|The Forward Look Network|
|'59 Plymouth Suburbans|
|Author: Kenny J. (Show all albums)|
These are my '59 Plymouth wagons. I have owned the blue one since February, 1985. Until recently, I drove it frequently, usually three to five times per week. It has an AAJ front disk brake kit, an H.E.I. distributor and radial tires. Colors are 1973 GM medium blue metallic and 1973 GM light blue metallic. I have made no modifications that can't be easily reversed. I have a complete set of Solex glass & a tinted windshield from donor wagons. I plan to install the tinted glass when it receives its next paint job. It's overdue for a repaint (last painted in 1986.) I have included some images of it's 1986 partial disassembly and repainting. It's 1957 230 flat head six is very tired. Hank Dozier is modifying and assembling a 1956 DeSoto 330 V-8 which was to replace the six. but John Fowlie located a suitable, rebuildable 318. So the 330 will be used in the two door wagon. I have acquired some heavier duty torsion bars, an AAJ rear disk brake kit and will be ordering new rear springs, possibly from Eaton. I already possess the necessary perches for installing V-8 engine mounts and have a variety of rear axle ratios and three speed manual transmissions to match to the new powerplant, depending upon whether or not I install overdrive.
I have also posted some pix of my '59 Plymouth Suburban two door. It has a 318-stick. This black "beauty" needs some serious help, but should be a fine ride when it's done.
There are also some photos of the two "parts donor" cars. They were well picked over by the time I acquired them. They were both dismantled some time ago. I also posted some pix of my non-Forward Look vehicles.
During December, 2005, I acquired another four door wagon, a factory overdrive car. Initially, it appeared to be even more solid and much straighter than my blue wagon was when I first acquired that one. It turned out to have more rust issues than the blue one. Plus some lower body damage. I removed the engine , transmission and manual transmission unique parts. I then traded the vehicle to Big M for a 1974 Plymouth Satellite Sebring Sundance. So contact Big M if you are interested....thanks for looking.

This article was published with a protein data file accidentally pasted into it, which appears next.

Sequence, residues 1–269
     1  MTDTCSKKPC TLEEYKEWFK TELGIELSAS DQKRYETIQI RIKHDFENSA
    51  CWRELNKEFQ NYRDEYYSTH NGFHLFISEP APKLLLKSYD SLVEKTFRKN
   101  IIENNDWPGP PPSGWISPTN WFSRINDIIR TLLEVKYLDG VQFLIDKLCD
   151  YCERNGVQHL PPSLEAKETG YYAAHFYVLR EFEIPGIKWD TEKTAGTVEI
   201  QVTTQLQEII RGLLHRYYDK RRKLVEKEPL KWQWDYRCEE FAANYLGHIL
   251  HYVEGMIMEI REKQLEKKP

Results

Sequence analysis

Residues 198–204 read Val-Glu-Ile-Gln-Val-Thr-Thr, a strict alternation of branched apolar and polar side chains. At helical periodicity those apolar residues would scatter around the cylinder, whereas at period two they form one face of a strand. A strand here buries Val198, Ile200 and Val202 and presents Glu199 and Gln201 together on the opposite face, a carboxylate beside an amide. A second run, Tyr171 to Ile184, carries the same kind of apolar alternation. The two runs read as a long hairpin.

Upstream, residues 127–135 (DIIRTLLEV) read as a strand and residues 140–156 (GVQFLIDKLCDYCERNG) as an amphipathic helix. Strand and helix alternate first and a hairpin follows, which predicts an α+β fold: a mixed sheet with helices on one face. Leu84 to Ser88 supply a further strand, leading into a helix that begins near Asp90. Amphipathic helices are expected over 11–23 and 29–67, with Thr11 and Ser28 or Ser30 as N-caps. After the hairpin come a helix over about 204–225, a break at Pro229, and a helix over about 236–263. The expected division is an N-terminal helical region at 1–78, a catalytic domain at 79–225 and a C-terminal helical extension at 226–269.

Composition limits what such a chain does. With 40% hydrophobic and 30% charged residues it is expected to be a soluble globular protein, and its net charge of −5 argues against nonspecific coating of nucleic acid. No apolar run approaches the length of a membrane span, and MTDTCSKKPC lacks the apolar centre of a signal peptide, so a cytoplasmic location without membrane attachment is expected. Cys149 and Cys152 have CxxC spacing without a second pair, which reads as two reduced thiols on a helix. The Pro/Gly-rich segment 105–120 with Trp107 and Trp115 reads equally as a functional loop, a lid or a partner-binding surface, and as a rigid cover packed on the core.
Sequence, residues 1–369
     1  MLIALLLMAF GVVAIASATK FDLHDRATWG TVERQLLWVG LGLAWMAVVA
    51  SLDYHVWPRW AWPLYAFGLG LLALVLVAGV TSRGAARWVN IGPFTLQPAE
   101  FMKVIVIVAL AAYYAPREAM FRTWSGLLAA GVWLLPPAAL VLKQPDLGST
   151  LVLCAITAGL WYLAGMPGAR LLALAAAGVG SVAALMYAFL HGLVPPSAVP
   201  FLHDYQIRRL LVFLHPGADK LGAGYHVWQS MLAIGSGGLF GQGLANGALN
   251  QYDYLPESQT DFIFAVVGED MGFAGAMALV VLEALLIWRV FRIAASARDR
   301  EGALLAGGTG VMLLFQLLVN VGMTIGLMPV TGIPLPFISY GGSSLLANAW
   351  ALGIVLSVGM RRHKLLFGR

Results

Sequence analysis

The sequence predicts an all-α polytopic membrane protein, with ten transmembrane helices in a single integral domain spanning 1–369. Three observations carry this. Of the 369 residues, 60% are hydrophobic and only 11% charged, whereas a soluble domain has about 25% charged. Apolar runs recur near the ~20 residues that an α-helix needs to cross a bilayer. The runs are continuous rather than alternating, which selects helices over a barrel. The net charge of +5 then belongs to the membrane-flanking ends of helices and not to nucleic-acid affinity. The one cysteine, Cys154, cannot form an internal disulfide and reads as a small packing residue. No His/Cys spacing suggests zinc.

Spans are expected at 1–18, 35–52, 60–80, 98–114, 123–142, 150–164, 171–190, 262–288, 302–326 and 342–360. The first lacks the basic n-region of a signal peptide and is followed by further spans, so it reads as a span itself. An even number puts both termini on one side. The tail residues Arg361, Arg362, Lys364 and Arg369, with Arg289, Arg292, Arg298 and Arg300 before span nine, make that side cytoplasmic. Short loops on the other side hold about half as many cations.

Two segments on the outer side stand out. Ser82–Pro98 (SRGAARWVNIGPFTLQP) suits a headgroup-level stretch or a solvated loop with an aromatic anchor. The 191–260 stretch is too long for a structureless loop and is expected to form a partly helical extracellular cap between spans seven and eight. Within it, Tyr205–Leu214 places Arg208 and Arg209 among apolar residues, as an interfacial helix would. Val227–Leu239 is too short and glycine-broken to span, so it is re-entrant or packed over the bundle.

Here it comes...another project car! I told Tracie to think of it as "pre-packaged spare parts."
The tailgate looks promising. Ever notice how most surviving Forward Look wagons seem to come from Oregon?
Looks like the trailing edge of this front fender and the leading edge of the rocker panel are damaged. Still better than patching serious rust.
This doesn't look good...
A bad case of sunburn. Common with vehicles left out in the Southwestern sun. Add natural sandblasting by the wind and soil erosion, hence surface rust.
Some obvious rear quarter damage. Also obvious is this wagon doesn't have an exterior spare tire compartment.
Looks like the overdrive handle is attached to a welded tab just to the right of the ignition switch. It is actually mounted under the dash. This is just an illusion due to the camera's angle. But there are sometimes subtle differences to be found in these cars. I have noticed minor differences among '59 Plymouth wagons depending upon which plant built them and when during the model year.
Well, at least I won't be bumping my head on falling cardboard panels or snagging my clothes on split vinyl and torn cloth. Why must some people smash windows out of old vehicles? C'mon, now...did Beavis and Butthead ever "score with chicks" by wrecking other people's property?
I have yet to see a stock 1959 Deluxe (Savoy trim level) Suburban that did not have a gray interior, regardless of exterior color(s). The guy I bought it from said the horn button is in the car.
Another flat head six! I like these engines for their smooth and reliable operation. But their ability to accelerate a 4,000 pound vehicle in modern urban traffic leaves much to be desired. Being an overdrive car, it should have a 4.10 differential instead of the usual 3.73, which may help.
Hmmm, I wonder if it had those round bumper pad thingies (steps) instead of the metal plugs? In any event, the holes in the top of the rear bumper are exposed. Notice one of the bumper pods is missing, too. The tailgate seems to be rotting at the bottom (common, even with "dry" examples, due to dust, leaves, pine needles, etc. getting down there and holding moisture.)
I haven't seen this puppy in person, but it is a straight, solid overdrive two tone Southern California car.Looks like the front valance is either missing or crushed, a common fate for these vehicles.
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